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|August 19, 2016, Appellate Court Digests|
Kansas Supreme Court – Criminal
FACTS: Officers confronted Keenan at his home based on informant’s report that Keenan was driving his four-year-old grandson home while alcohol impaired, and officers’ belief that Keenan was in violation of a protection from abuse order (PFA). When Keenan entered home to put grandson to bed, officers asked to follow. Keenan said “no,” but officers entered the home, arrested Keenan, and searched his car. Alleging an unlawful warrantless entry of his home, Keenan filed motion to suppress. District court denied the motion, finding exigent circumstances and officers having reasonable suspicion to investigate drunk driving. Keenan convicted of felony third-time DUI and refusing a preliminary breath test, and fined for transporting an open container. He appealed. State argued Keenan failed to preserve the suppression issue. Court of Appeals rejected State’s preservation claim and affirmed the convictions, holding there was probable cause before officers’ entry into house to arrest Keenan for violation of PFA and drunk driving, and warrantless entry to the house was supported by exigent circumstances including hot pursuit and possible loss, destruction, or concealment of evidence. 50 Kan.App.2d 358 (2014). Keenan’s petition for review granted.
ISSUES: (1) Preservation of issue for appellate review and (2) Suppression
HELD: State did not cross-petition for review of the preservation issue, which is not considered.
CONCURRENCE (Johnson, J.): Agrees that officers had probable cause to arrest Keenan before he entered his house, but given the post-entry evidence, does not agree the State met its burden of proving beyond a reasonable doubt that the erroneously admitted evidence had no reasonable possibility of affecting jury’s verdict. Would affirm lower courts because no constitutional error due to exigent circumstance, however labeled, of providing emergency aid to protect welfare of child in this unique situation.
STATUTE: K.S.A. 2010 Supp. 8-1567(a)(3)
Kansas Court of Appeals – Civil
FACTS: Dean and Melissa divorced in 2014, and their property settlement agreement was incorporated into their divorce decree. Per that agreement, Dean was to pay Melissa roughly $1,200 per month in spousal maintenance for a total of 5 years. Payment stopped upon the death of either party or if Melissa remarried or cohabitated. The term "cohabitation" was not defined in the property settlement agreement. Dean moved to end payment before the 5 years elapsed, claiming that Melissa was cohabitating with Trevor. Melissa acknowledged that she was romantically involved with Trevor, but presented evidence to bolster her argument that they were not cohabitating. The district court weighed the evidence and terminated Dean's spousal maintenance obligation as of October 1, 2015. Dean challenged that date since the district court found that cohabitation existed as of May 2015. The district court refused to amend its prior order. Melissa appealed the termination of maintenance, and Dean cross-appealed the date of termination.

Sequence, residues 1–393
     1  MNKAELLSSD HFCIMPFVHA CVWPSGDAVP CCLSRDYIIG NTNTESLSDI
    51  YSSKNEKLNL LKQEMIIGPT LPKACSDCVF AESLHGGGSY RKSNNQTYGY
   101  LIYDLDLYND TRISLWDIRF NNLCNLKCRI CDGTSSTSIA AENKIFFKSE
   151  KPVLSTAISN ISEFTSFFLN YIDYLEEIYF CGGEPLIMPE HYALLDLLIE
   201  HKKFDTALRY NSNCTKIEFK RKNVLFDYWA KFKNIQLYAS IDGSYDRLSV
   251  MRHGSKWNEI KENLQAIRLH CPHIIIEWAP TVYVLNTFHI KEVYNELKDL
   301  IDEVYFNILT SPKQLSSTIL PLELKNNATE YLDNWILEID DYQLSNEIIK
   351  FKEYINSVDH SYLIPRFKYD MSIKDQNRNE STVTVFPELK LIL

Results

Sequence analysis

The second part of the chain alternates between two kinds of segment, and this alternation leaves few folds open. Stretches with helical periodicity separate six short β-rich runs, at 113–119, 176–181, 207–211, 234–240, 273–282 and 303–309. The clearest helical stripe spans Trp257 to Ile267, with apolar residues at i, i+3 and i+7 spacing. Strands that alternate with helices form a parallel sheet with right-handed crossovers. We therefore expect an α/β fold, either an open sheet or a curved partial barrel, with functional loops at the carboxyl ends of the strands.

ISSUE: Whether the district court properly interpreted the property settlement agreement when terminating maintenance
HELD: Because the property settlement agreement did not define "cohabitation", the court used a definition from prior case law. This definition does not include a time component for the length of the romantic relationship but instead focuses primarily on whether the couple are living with each other as husband and wife. The evidence presented to the district court showed that Melissa and Trevor were cohabitating. For that reason, the district court erred by not terminating Dean's maintenance obligation until October 2015. The matter is remanded with directions to terminate maintenance as of May 2015.